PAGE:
Of course, the obvious (if silly-sounding) counter to the two ideas above is that perhaps there was a small, more temperate region or band near the equator of Hoth, and the Rebels (with speeders functioning there) managed to collect tauntauns and take them to their base at some other, colder location. This begs the question of why the Rebels would not place their base in the more pleasant area, but whatever.
The problem with this idea has to do with guts. When Han cuts open the dead tauntaun with Luke's saber, a rather icky assortment of creamy white guts splooch out. However, the wampa that attacked Luke (and the prey it was nibbling on as an appetizer) featured red blood. Although some fairly decent-size insects and invertebrates on Earth have used alternate blood chemistry (in the form of clear/yellow/green hemolymph, pink hemerythrin, or clear/blue hemocyanin), the larger creatures . . . up to and beyond man-size . . . all feature the same hemoglobin-based chemistry. Given that we have no claim or suggestion that tauntauns are native to Hoth, I see no need to try to jump through the hoops of rationalization necessary to try to explain the completely disparate evolution of a tauntaun on Hoth compared to that of its neighbors like wampas . . . wampas who don't seem to find tauntauns appetizing in the first place. As such, the two are most likely from different worlds altogether.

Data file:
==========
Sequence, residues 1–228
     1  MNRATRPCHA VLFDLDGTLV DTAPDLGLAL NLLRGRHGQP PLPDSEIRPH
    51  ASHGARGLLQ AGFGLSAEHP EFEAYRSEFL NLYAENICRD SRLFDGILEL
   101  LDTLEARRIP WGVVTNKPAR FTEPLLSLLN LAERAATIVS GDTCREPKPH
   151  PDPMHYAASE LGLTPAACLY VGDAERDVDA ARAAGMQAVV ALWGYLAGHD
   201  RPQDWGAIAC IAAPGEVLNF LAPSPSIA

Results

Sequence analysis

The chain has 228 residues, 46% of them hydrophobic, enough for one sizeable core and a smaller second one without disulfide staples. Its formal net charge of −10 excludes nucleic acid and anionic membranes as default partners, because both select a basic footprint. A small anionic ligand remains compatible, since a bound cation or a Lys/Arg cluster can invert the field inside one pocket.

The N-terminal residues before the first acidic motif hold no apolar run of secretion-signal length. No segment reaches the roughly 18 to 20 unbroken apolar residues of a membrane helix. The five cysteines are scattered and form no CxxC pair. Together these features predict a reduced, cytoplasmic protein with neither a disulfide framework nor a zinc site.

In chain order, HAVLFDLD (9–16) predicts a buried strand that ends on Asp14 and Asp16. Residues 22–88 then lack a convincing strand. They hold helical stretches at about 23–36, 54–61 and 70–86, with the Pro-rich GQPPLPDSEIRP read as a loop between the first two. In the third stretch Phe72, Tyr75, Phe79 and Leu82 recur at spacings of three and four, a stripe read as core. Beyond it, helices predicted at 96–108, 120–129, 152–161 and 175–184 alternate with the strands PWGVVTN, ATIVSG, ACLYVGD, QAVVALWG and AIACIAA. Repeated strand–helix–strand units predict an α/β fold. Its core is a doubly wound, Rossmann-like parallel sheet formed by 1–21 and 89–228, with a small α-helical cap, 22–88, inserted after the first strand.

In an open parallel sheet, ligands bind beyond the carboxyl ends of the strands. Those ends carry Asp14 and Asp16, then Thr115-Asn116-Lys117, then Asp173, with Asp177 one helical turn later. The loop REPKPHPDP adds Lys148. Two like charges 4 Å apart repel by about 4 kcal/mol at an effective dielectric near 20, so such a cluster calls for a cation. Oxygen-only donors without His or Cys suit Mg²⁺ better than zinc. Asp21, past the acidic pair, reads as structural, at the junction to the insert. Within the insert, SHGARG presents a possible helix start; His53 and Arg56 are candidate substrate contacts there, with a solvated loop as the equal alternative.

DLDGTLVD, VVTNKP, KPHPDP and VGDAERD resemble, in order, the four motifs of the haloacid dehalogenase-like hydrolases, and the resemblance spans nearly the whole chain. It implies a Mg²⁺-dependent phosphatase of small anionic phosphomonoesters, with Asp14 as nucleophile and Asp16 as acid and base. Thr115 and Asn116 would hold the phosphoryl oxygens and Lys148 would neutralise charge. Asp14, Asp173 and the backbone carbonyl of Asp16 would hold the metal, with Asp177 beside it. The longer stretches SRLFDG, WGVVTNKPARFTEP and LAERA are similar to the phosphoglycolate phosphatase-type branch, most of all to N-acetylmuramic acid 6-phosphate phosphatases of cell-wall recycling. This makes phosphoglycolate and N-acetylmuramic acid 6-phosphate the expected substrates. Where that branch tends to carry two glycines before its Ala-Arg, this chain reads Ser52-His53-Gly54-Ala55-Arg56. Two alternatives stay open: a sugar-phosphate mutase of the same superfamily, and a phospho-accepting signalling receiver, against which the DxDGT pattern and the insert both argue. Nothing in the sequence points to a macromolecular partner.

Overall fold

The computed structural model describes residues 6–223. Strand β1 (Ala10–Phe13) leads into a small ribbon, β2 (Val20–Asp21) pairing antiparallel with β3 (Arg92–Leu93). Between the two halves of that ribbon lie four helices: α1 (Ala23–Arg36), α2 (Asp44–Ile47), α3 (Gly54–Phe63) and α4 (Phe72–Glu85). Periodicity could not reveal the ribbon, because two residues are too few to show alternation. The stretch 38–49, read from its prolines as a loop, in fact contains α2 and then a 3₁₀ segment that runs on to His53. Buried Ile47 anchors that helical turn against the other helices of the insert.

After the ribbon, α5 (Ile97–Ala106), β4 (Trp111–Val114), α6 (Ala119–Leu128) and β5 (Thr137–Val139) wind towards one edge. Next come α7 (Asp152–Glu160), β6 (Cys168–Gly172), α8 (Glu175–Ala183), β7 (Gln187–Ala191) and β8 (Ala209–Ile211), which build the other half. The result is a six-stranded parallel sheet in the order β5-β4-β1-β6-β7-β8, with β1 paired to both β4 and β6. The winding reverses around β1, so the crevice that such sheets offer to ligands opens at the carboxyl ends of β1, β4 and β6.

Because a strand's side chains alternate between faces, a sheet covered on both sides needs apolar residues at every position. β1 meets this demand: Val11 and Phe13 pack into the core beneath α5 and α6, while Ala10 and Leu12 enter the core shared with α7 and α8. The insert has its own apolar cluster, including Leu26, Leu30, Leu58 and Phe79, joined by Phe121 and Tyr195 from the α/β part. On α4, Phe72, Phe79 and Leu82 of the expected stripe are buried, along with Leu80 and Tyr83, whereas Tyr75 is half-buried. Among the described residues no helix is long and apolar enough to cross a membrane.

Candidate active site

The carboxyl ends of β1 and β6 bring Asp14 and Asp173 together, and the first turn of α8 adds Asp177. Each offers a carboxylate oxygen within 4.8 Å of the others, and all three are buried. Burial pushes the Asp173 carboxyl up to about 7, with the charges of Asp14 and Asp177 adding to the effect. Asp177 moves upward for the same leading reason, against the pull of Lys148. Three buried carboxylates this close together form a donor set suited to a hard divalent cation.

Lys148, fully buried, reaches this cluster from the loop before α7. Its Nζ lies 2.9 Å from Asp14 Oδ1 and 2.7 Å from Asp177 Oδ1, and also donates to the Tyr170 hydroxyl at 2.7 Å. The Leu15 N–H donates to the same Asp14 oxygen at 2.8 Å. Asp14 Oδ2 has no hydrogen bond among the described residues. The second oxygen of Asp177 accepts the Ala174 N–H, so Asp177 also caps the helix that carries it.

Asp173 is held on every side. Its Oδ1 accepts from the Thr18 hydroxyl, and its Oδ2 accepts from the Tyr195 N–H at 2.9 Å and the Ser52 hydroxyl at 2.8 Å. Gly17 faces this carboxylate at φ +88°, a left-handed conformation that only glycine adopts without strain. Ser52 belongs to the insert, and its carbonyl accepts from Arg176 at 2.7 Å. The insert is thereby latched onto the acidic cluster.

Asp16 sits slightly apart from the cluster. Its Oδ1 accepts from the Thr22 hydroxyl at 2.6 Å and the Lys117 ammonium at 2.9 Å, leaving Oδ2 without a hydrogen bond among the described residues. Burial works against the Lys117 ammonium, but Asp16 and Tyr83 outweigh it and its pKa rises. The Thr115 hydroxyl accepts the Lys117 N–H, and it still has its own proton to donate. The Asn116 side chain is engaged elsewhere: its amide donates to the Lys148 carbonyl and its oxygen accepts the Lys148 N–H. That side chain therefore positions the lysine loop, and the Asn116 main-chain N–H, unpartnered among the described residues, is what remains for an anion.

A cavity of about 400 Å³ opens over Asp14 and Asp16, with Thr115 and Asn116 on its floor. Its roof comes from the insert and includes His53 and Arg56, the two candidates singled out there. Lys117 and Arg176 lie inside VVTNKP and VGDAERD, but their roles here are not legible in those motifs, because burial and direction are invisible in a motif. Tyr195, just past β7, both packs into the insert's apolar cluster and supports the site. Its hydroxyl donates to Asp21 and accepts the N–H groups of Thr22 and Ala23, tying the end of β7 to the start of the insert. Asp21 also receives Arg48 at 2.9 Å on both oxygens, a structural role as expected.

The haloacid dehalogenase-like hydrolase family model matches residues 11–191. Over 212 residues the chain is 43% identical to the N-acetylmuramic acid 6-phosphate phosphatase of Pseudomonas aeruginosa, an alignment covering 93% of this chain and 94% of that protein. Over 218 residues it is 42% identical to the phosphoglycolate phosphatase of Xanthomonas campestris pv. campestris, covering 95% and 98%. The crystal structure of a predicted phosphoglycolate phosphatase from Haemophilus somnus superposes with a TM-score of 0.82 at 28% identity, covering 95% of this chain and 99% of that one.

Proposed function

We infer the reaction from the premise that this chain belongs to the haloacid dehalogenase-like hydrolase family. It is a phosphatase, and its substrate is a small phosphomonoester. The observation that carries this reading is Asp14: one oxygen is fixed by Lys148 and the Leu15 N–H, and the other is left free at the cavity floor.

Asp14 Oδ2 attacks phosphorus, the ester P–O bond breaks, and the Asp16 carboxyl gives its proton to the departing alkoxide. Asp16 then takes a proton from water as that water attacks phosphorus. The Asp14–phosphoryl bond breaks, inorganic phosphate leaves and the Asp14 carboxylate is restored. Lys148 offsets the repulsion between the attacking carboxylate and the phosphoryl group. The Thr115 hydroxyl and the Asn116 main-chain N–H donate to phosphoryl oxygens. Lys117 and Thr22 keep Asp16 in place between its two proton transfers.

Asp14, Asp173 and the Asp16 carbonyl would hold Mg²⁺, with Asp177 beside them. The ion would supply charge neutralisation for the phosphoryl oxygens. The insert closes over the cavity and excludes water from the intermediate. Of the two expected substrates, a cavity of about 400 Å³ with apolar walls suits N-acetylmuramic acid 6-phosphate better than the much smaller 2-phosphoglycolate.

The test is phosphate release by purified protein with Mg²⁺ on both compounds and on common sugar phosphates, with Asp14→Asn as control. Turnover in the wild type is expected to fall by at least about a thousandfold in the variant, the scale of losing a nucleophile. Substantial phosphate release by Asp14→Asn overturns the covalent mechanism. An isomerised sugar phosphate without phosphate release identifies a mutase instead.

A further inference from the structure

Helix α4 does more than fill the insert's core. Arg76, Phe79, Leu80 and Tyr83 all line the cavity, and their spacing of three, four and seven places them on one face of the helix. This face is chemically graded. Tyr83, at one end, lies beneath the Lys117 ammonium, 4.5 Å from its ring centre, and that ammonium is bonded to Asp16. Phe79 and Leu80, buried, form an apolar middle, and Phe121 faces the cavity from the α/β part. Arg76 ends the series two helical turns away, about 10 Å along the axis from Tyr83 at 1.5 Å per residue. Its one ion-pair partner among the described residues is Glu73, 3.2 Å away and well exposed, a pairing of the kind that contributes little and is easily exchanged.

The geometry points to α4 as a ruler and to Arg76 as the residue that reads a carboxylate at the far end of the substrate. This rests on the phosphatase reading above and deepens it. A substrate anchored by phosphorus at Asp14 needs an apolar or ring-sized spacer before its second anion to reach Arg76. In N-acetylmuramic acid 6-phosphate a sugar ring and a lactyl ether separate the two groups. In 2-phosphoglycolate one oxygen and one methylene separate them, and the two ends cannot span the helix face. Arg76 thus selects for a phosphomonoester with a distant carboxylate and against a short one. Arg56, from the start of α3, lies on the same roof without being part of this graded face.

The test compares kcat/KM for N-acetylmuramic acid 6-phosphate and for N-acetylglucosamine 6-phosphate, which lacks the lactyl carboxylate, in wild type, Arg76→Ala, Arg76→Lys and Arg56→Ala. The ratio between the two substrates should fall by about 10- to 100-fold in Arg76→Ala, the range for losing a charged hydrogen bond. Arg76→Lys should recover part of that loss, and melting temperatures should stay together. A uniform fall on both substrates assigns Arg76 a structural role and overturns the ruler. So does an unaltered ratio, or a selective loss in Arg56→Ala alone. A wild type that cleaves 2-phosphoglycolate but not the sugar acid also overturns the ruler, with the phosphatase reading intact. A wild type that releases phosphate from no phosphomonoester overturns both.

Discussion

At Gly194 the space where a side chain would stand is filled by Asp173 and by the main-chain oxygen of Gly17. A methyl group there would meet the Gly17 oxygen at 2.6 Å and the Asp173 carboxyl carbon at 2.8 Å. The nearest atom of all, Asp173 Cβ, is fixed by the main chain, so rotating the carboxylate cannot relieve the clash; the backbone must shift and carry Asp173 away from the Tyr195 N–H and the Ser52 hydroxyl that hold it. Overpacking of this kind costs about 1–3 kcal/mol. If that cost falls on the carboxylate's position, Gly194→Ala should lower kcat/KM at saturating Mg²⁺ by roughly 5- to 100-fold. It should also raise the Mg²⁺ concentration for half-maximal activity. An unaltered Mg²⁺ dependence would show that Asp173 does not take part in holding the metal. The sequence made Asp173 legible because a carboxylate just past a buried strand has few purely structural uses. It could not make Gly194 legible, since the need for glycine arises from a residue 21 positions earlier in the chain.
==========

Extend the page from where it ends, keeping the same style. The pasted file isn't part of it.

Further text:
Update: Entertainingly, even some at Stardestroyer.Net's forums concur with the above. (http://bbs.stardestroyer.net/viewtopic.php?t=97430&start=25):
"RedImperator": "Add that to the fact that the tauntaun didn't run away immediately when it smelled its "mortal enemy". And that it froze to death in its supposed native habitat, and didn't attempt to take shelter or dig a nest into the snow. And that they even allowed humans to ride them at all. The tauntauns behaved exactly like an imported domesticated animal, not a recently tamed native life form--the idea that the Rebels could have tamed wild animals to that degree of docility and gotten them to ride into mortal danger in a few years, at the absolute outside, is absurd on its face. You can work a horse to death, but even a tamed zebra will quit, and probably bite its rider, long before it gets anywhere near that point. [...] It would have been trivial to write "Tauntauns are native to, and were domesticated in, the arctic regions of [Planet], and were imported to Hoth by the Rebels when they realized their vehicles functioned poorly in the extreme cold." The problem is that too many EU writers are scientific ignoramuses who, left to their own devices, make the same kind of moron mistakes with which Star Trek writers have assaulting its fans for years."
"Wyrm": " Domestication takes generations, and for large animals like tauntauns would take decades if not centuries or millennia [...] Now, if tauntauns are domesticated, where were they domesticated? Hoth is an uncharted system, "devoid of human forms" by Captain Piett's (?) report, yet tauntauns allow humans to ride them. They must be domesticated by humans, ergo, they are not native to Hoth, no matter what the EU says."
More to come . . .